By Mahir Mensuri Karataş, Turkish Petroleum.
In a KNX lighting automation system, a common problem is when lights turn on automatically due to undesirable environmental factors that adversely affect the presence detectors.
One of the most important tasks of presence detectors is to switch lights on after perceiving active objects in the detection zone. For instance, if a presence detector perceives a moving object in a room that has insufficient daylight level, it will turn the lights on automatically. On the other hand, if the daylight level is sufficient, the lights will be kept off.
In some cases however, the lights will switch on automatically during daylight and night hours even though there is no moving object in the room. This situation is a common challenge faced by KNX systems integrators, maintenance technicians and clients, and means that extra energy is needlessly consumed.
An example of this was when technical staff working in a smart building in Turkey told us that they had some challenges with their lighting automation system. The problem was that the lights in the offices, corridors and toilets were turning on automatically during the night. After investigating the situation, we identified a couple of methods to help solve this issue.
1) KNX Bus Monitoring
KNX bus monitoring should be carried out during the hours of darkness because nobody will be in the room during this period. The bus monitoring is done by connecting the KNX bus line via the KNX interface. The following table shows night-time KNX bus monitoring using ETS 3 software.
Monitoring the bus showed that the affected presence detectors, which had 1.2.102 and 1.2.161 physical addresses, had sent a ‘write 1 object’ instruction from time to time. Therefore, the lights had turned on automatically and extra energy was being consumed during the night.
We determined that this problem was caused by several environmental factors such as air flow entering through the windows, ceiling and heating vents which were close to the presence detectors; rapid temperature changes; and fast light changes from vehicle headlights.
2) NETx BMS Server Telegram Monitoring
Using the NETxAutomation BMS Server software for telegram monitoring, we picked one of the offices at random, with an open door and window and nobody inside. NETx BMS Server telegram monitoring showed that the presence detector with a 1.1.9 physical address was sent a ‘write 1 object’ instruction at the beginning of motion detection to turn the lights on, and was sent ‘write 0 object’ at the end of staircase time to turn the lights off. This meant that the lights were being turned on and off automatically, from time to time.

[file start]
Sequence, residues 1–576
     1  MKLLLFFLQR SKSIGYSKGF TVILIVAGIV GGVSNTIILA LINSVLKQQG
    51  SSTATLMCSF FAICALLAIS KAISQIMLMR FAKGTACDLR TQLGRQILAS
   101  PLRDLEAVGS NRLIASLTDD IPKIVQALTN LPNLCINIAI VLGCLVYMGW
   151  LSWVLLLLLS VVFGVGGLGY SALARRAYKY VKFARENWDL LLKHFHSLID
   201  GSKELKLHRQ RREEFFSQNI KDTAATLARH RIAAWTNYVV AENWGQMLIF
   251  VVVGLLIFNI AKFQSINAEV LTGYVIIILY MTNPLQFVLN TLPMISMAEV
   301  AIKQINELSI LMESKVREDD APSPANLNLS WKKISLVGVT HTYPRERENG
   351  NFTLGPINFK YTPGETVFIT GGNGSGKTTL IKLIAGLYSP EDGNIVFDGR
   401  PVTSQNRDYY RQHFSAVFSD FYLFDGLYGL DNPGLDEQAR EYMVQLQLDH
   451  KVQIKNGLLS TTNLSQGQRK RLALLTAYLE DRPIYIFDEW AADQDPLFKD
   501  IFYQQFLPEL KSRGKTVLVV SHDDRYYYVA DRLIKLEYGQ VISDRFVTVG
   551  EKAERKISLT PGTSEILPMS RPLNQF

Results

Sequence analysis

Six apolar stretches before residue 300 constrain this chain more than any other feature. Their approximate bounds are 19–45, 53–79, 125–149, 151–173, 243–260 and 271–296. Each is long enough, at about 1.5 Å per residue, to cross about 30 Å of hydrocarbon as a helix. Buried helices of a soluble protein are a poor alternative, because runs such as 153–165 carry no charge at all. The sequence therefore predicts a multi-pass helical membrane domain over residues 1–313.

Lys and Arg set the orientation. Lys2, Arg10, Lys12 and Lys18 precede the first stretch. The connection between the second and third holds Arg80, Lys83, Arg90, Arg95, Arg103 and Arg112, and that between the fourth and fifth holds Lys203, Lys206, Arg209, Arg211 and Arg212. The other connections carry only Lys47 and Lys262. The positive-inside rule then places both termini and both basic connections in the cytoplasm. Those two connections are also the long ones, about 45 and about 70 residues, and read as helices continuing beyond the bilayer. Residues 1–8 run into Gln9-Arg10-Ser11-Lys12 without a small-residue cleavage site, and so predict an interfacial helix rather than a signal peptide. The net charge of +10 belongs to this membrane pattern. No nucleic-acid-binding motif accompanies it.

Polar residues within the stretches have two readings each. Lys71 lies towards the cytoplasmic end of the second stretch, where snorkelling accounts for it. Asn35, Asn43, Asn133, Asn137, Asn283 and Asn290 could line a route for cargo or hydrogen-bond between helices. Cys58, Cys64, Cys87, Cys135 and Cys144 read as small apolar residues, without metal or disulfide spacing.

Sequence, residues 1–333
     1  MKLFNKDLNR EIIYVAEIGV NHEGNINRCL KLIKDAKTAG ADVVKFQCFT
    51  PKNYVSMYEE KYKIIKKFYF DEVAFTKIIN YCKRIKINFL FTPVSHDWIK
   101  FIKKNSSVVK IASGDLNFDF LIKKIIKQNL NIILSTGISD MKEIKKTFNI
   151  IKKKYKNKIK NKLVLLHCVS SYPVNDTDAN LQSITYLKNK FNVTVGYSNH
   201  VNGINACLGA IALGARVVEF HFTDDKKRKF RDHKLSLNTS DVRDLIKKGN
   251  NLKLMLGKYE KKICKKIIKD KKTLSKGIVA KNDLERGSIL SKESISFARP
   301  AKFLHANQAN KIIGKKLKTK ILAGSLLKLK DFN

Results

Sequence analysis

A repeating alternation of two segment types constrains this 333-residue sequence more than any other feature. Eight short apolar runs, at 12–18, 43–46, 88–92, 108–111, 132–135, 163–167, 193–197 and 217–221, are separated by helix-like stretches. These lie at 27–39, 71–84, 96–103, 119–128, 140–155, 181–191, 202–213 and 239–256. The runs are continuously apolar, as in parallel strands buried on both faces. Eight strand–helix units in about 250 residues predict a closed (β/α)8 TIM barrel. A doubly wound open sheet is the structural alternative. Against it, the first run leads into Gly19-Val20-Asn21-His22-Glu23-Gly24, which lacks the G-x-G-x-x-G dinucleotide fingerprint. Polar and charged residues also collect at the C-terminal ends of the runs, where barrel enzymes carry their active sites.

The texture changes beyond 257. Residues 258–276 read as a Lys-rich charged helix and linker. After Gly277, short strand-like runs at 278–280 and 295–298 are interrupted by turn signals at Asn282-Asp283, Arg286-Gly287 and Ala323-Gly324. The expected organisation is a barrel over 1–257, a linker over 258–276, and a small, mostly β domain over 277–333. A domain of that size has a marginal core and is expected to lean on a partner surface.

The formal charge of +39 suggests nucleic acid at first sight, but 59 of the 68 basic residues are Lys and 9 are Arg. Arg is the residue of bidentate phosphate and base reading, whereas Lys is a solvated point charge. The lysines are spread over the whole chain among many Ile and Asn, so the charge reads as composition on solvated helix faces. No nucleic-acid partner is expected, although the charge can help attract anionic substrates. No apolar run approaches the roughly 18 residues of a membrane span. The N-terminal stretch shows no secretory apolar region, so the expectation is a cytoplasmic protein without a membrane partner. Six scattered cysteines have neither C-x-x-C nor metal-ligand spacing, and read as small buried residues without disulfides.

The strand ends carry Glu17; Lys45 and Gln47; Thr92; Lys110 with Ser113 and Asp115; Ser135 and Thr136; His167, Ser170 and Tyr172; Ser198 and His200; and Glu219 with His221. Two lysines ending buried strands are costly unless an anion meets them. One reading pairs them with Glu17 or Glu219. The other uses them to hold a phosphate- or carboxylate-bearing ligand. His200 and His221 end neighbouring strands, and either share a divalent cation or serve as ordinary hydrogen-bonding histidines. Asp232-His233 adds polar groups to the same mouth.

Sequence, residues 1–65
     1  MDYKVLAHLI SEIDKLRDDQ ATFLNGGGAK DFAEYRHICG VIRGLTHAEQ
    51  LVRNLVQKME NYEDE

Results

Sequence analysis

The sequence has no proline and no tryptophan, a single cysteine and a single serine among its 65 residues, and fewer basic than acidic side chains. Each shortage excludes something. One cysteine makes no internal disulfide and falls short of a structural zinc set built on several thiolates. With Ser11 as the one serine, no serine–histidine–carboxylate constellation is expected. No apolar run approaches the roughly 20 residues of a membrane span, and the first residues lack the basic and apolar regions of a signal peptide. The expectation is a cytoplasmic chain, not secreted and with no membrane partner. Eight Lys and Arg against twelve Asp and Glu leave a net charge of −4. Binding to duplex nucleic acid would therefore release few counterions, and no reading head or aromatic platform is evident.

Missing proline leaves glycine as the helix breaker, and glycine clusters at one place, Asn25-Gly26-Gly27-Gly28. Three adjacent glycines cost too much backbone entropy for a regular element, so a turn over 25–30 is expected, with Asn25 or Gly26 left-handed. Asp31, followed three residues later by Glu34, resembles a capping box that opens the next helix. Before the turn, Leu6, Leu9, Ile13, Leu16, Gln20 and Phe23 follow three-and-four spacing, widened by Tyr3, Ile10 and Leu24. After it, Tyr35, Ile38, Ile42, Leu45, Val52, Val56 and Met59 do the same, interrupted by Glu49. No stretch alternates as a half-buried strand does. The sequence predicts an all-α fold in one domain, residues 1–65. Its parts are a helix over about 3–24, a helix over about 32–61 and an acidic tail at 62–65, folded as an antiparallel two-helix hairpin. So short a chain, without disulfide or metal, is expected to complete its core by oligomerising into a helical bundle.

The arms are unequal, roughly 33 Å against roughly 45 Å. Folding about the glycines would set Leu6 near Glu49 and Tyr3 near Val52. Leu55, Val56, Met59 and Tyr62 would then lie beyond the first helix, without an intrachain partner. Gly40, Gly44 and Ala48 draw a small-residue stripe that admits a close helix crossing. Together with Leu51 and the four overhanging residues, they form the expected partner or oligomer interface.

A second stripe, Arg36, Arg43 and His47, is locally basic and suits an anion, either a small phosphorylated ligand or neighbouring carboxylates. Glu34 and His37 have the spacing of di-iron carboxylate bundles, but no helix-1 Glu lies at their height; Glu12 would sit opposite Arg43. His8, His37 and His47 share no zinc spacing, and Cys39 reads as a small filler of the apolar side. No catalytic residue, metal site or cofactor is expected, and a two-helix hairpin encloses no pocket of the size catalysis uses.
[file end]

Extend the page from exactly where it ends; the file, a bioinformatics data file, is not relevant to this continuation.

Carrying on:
It is a well-known fact that presence detectors can be deactivated using the ‘lock object’ function, so we could, for example, use this between 22:01 and 07:01 for the whole building, thus ensuring that no lights are switched on during the night. The table below shows that all of the presence detectors have been locked, using NETx Voyager visualisation software, during the night from 22:01 to 07:01. This is obviously, however, only a temporary fix.
It is clear that a permanent solution to this problem is to identify which part of the presence detector is affected by adverse environmental factors. A presence detector typically consists of four sectors, and these can be controlled through ETS.
Sector-orientated settings must be enabled in order to pick which sectors of the presence detector should be active or passive in ETS software. Then, the sector of the presence detector that is affected by environmental factors must be disabled or its sensitivity must be reduced (as shown for sector B in the table below). This prevents the presence detector from being affected by adverse environmental factors, and so the lights do not switch on in error.
Ideally, presence detectors should be mounted in a location that will not be affected by air flow entering through the window and heating vents; or by rapid temperature changes or fast light changes that come from vehicle headlights.
In addition, it is best to avoid highly-reflective surfaces, movable objects (e.g. curtains and plants), and heat sources (e.g. heating vents, radiators and air conditioners) because these may cause erroneous detections when moved by air flow from fans, wind, heating vents or air conditioning.
If you come across with this kind of problem, change the sector-orientated settings of the presence detector so that environmental factors do not affect the lights adversely, thus saving energy and money.
Mahir Mensuri Karataş an electrical-electronics engineer working for Turkish Petroleum in the department of Building Management Systems.